Canon’s latest product announcement has sent heads spinning: a resurrected product name, a breakthrough in Canon’s sensor technology, and features that make it look a lot like a 1D X Mark III — and then some. What can we expect from the forthcoming Canon EOS R3?
More than a few pundits felt their jaws drop when Nokishita leaked details of the new R3 and the official announcement from Canon saw mouths widen even further. After a period of assuming that Canon’s research and development was taking its time, along comes evidence that the company is far more advanced than any of us assumed. Canon has produced its own backside-illuminated CMOS sensor, probably a little earlier than most of us anticipated, and no mean feat given that they had to incorporate Canon’s own dual pixel autofocus technology.
A Handful of Specifications
A quick reminder of what we know so far:
This is a BSI CMOS sensor with “substantially faster read-out speeds” that will capture up to 30 frames per second using the electronic shutter. This will deliver “great emphasis on superb AF performance and speed, with fast-moving subjects” and place the R3 between the existing EOS R5 and 1D X Mark III.
The body features an incorporated vertical grip (giving plenty of space for more juice) and will have the same level of weather-sealing as Canon’s 1D X line of cameras. Interestingly, the R3 will feature eye-controlled autofocus, a throwback to its film predecessor, the EOS 3 released back in 1998.
What we can see from the few images released so far is that along with the vertical grip, it shares a number of design features as the 1D X: like the original EOS 3, there’s no mode dial, instead just a number of inset buttons that makes weather sealing far easier. It also shares the customizable buttons around the lens mount.
Should This Be an R1?
The speed and the design prompt the question: why is this the R3 and not the much-anticipated R1? What does Canon have up its sleeve for its 1D X mirrorless equivalent that means that this resurrected product name is slotting itself in between?
There are a few possibilities, the first of which being that the 1D X Mark III is a little more than a year old. Launched in January 2020, while impressive, its arrival felt a little awkward, though all of that was quickly forgotten when the groundbreaking R5 and R6 were announced shortly afterward, changing the pro mirrorless market significantly. Canon needs to sell those 1D Xs and trying to avoid denting their own products is a game that every manufacturer has to play, constantly complicated by technological evolutions that make more expensive, older products seem outdated and overpriced. In terms of product cycles, a successor to the 1D X Mark III should be earmarked for 2024 — in theory.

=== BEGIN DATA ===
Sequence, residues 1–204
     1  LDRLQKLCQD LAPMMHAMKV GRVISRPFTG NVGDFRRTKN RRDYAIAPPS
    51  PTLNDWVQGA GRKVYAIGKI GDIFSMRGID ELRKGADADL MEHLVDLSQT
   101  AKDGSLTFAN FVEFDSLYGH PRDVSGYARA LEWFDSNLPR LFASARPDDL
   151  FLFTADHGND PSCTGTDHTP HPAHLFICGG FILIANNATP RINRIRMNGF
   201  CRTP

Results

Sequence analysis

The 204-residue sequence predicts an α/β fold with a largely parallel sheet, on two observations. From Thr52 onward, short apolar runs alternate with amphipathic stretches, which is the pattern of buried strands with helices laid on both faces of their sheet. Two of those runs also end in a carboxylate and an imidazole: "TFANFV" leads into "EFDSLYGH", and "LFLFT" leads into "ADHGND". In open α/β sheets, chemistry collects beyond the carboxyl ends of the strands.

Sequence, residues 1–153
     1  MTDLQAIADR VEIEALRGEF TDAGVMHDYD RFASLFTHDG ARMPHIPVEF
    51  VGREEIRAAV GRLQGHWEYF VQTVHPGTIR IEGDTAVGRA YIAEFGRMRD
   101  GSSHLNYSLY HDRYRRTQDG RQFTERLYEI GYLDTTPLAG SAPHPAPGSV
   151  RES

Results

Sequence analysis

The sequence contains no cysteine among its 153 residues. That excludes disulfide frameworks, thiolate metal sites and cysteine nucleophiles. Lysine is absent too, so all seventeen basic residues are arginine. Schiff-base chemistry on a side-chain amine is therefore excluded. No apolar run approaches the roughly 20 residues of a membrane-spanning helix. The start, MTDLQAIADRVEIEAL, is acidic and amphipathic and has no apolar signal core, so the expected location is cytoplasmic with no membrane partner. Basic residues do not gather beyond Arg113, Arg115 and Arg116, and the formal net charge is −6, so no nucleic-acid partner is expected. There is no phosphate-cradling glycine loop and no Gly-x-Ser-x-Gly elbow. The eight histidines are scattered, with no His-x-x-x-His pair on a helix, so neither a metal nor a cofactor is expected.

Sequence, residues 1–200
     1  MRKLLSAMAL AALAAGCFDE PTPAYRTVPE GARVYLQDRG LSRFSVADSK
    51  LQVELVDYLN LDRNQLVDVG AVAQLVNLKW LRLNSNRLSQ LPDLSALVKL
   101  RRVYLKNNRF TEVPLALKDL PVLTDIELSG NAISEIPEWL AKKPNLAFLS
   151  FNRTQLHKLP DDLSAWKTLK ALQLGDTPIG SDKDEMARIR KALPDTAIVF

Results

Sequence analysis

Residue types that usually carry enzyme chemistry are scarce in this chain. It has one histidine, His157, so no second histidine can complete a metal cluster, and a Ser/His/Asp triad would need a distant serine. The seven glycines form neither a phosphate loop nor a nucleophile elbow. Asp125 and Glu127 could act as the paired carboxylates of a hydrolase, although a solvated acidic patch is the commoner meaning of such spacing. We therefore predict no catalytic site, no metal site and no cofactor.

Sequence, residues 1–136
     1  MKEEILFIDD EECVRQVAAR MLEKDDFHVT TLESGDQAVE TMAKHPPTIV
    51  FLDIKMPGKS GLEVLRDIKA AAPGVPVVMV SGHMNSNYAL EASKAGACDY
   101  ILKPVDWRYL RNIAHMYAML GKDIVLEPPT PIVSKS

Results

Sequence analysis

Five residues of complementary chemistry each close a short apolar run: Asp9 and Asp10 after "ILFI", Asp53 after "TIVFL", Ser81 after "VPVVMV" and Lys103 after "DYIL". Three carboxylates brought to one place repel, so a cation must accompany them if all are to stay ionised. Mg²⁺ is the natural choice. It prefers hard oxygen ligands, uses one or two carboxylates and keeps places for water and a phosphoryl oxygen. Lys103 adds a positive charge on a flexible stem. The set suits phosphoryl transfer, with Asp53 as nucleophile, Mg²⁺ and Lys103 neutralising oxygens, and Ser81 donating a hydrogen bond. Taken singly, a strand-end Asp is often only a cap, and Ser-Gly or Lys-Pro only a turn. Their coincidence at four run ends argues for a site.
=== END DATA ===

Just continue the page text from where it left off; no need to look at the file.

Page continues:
In addition, as Tony Northrup suggests, Canon takes an enormous amount of pride in its product names and simply would not risk introducing an R1 until it is confident that the product is fully matured and free of quirks (for example, overheating). The 1D X line is the domain of agencies who buy vast numbers of cameras at a time and expect to see mileage out of those bodies for a significant number of years. An R3 offers an opportunity for Canon to prove the technology and demonstrate that the R1 is worth waiting for and giving Canon a little more time to breathe.
Global Shutter? And How Much?
And that might be another factor: Canon might be intent on bringing out an R1 with a global shutter which then prompts further questions about megapixels. Will the R3 be the mooted 45-50 megapixels to place it on par with the Sony a1, with the R1’s global shutter sensor somewhere around the 20-24 megapixel mark to make it better suited for sports and news?
Tied in with this is the price. $6,500 would put it in the same bracket as the Sony a1, but Canon might choose to keep the resolution of the R3 a little lower in order to justify a price that’s closer to $5-5,500 and carving the R3 its own, even more distinctive position in the market. This would also leave room for the eventual R1 to take that $6,500 price tag for itself, in line with its 1D X Mark III heritage, and hopefully avoid seeing the R1 priced closer to eight grand. Perhaps the only other clue we have for the R3 at this stage is the wording in Canon’s announcement: “emphasis on superb AF performance and speed, with fast-moving subjects.” This suggests speed over resolution, but as proven by the a1, this might not be a division that we see for much longer.
I’m intrigued to see whether the R3 will have a fully articulating screen. Part of me believes that its video capabilities would make it inevitable (8K 30p?); however, if top dials are ditched for greater weather-sealing and rugged reliability, a very much embedded fixed LCD in line with the 1D X might be more likely. A flippy screen may give flexibility, but it makes keeping out water harder and is potentially a point of failure if the camera is being subjected to some harsh treatment.
The speed of the mechanical shutter will also be interesting. Canon has long made Sony’s efforts at a mechanical shutter look pathetic, with the a1 managing a paltry 10 frames per second so the R3 won’t have to work hard to surpass that. My guess is around 12-14 frames per second, protecting the 1D X Mark III’s 20 frames per second (mechanical, but with the mirror locked up — 16 fps when using the optical viewfinder), and leaving space for the eventual R1 to push this even further — though a global shutter might make this figure all but irrelevant.
The texture of the R3 in the handful of images we have available looks spectacular, making everyone wonder why the convention for faux-leather grippy stuff has stuck around for so long. I hope it feels as good as it looks.
Over to You
What do you expect from the R3? How will it be priced and where is Canon headed in its journey to deliver its mirrorless version of the 1D X Mark III? Let us know your thoughts in the comments below.